It seems that in the current market environment, there is a new short squeeze happening every day.

As I am sure you know, a squeeze is when a stock with a significant short interest rapidly increases in price, thereby forcing shorts to cover their position.

Something less spoken about, however, is the short trap. The short trap is the fuel to the fire. A solid short trap is what enables a stock to squeeze higher rapidly.

Being able to identify a short trap as it is happening is a strategy in itself.

So without further ado, let’s go over some key concepts and examples.

Key Directional Concepts

Two key concepts relating to a stock that is squeezing is:

  • The Frontside: The Frontside of a move, or the front side of a squeeze, means that a stock is currently trending higher and still in the process of squeezing shorts.

Three ways to identify if a stock is still on the front side:

1. Making sure the stock is still in an uptrend,

2. Ensuring that the stock is still holding above the intraday and multi-day VWAP.

3. Ensuring that the stock is still trading above previous critical levels of resistance.

  • The Backside: The backside of a squeeze means that the stock is no longer trading in an uptrend. During the backside of the move, a momentum shift takes place. The stock is no longer in an uptrend, no longer holding above the VWAP, and the sellers are now in control.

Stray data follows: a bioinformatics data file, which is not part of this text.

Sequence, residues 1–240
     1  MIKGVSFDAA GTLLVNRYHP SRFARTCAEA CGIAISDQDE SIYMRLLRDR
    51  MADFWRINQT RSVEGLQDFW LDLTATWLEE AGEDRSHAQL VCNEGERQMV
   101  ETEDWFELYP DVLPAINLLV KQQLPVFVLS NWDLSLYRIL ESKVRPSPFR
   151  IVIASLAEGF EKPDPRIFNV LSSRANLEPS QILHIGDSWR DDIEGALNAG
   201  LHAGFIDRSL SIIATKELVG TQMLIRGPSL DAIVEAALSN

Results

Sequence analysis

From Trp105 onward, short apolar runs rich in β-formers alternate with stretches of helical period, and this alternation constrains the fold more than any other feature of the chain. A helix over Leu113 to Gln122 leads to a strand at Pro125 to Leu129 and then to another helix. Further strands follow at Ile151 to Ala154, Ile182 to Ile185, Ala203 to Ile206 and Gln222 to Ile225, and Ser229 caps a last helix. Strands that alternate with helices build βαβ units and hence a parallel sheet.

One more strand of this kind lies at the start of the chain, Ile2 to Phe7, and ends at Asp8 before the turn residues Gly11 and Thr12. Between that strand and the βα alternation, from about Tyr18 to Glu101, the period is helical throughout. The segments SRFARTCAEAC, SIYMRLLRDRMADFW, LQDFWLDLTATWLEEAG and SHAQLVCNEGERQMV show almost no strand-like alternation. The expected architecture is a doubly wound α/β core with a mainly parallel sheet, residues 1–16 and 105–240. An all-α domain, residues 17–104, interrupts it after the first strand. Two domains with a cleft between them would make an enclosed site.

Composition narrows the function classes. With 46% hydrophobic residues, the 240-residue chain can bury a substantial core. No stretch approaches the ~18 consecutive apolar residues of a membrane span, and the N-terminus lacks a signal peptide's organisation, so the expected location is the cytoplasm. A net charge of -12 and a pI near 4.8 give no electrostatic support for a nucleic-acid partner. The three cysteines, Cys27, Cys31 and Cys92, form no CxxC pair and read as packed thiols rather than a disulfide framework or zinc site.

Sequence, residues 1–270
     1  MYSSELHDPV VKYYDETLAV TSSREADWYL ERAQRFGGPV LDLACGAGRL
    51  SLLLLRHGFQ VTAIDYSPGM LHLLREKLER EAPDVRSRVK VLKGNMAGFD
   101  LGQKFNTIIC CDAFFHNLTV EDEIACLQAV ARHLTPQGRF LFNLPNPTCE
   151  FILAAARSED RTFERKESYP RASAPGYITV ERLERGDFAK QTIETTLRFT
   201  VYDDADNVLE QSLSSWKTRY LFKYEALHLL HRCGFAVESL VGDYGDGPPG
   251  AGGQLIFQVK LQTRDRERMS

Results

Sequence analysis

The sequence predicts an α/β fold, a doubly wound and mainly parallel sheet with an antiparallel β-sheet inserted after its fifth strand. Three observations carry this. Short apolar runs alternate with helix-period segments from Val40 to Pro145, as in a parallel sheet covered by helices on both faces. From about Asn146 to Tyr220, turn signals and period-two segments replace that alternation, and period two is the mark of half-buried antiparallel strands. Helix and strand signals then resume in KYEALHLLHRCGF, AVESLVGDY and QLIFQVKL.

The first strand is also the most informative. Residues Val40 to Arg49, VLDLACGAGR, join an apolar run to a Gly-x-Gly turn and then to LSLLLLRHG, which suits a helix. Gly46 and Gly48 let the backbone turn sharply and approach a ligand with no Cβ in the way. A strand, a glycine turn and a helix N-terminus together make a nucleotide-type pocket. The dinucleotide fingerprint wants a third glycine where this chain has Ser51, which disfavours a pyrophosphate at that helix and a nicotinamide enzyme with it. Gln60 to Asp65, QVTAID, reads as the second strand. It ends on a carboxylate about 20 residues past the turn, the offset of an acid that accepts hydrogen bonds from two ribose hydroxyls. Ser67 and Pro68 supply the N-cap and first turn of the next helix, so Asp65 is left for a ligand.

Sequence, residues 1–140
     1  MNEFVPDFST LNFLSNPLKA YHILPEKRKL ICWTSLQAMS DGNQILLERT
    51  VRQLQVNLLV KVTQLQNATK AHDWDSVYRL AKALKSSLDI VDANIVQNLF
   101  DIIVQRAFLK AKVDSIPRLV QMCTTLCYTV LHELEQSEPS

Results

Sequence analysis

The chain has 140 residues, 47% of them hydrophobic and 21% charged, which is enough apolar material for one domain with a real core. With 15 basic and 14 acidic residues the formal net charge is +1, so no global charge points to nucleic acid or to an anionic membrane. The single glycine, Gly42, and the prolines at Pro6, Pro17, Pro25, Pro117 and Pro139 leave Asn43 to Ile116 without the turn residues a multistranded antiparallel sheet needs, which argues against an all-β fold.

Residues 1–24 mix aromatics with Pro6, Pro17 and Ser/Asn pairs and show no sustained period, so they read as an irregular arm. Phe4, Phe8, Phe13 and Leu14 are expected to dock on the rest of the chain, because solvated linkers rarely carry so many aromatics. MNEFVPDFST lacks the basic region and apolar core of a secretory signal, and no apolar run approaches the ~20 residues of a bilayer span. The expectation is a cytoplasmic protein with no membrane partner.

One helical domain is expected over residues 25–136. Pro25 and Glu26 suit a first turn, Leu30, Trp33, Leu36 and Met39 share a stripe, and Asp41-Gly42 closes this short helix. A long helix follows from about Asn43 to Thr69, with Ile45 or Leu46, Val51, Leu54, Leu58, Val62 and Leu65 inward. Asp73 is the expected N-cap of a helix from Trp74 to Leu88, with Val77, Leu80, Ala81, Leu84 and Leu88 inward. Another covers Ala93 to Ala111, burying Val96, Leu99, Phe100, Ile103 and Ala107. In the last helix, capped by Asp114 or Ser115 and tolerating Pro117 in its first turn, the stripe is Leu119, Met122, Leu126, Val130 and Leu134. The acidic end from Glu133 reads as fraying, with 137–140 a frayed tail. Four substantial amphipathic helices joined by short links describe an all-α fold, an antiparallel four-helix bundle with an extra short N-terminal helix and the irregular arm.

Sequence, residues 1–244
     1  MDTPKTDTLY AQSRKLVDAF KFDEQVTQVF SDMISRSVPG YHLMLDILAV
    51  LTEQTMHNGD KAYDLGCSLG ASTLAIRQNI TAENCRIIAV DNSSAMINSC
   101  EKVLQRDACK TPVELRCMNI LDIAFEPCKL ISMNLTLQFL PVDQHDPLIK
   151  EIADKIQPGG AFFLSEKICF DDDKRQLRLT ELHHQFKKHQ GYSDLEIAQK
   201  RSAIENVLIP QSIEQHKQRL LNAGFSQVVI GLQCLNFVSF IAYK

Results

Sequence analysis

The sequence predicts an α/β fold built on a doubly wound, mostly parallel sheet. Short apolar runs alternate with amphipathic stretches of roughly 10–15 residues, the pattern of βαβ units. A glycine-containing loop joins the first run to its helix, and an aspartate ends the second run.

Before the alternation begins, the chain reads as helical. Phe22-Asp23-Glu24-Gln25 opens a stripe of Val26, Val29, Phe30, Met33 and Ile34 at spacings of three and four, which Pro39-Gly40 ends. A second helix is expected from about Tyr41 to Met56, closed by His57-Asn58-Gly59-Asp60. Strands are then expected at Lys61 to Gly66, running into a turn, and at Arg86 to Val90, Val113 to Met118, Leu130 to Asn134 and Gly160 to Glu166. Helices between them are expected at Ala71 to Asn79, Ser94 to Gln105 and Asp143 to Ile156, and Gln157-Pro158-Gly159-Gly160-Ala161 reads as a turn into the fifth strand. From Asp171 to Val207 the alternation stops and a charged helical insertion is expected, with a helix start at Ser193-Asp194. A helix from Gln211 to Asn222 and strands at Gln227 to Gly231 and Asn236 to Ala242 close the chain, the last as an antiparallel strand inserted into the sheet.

Mistaking the front side of the move for the backside often gets traders who are positioned short into trouble.

Frontside Example

The above chart of BBIG depicts a stock that is currently on the front side. I can see that the stock is still on the front side as it is trading above the previous day’s high, it has not gone parabolic yet, and it is still trading above key support.

Backside Example

In the above chart of SPRT, I can see that it is now the backside of the move. It is the backside because the stock broke the upward trendline after going parabolic. The following day, the stock could not reclaim higher prices, which confirmed the backside in the short term.

Now that I have gone over the difference between the front and backside let’s look at some short trap examples.

Short Trap Example 1: SPRT

Holding trendline. Holding previous key levels

Before the stock went parabolic and broke the trendline, it was firmly on the front side.

After pulling in, in the pre-market, shares of SPRT washed out off the open but quickly found support at the trendline and pre-market support.

Both times the stock attempted to break the trendline, volume increased, which likely was people positioning short.

This is a prime example of a short trap. The stock attempted to break the support twice, but the bulls held the line in both attempts, meaning that the shorts were now trapped. Once the stock took out the opening high, an uptrend is confirmed, and the squeeze resumes as morning shorts look to exit.

Example 2:

The above chart of RNXT is another excellent example of a short trap leading to a squeeze. Resistance in the stock firmly stood at $10 – $10.50 for most of the trading session.

Each time the stock traded towards resistance, it was met with selling and failed to hold above.

Many traders might have positioned short as the stock failed to hold above resistance multiple times.

As the close of the trading day quickly approached, the stock saw a rapid increase in volume as the stock got above resistance.

The volume above the resistance might have been made up mainly of those who were shorting the stock.


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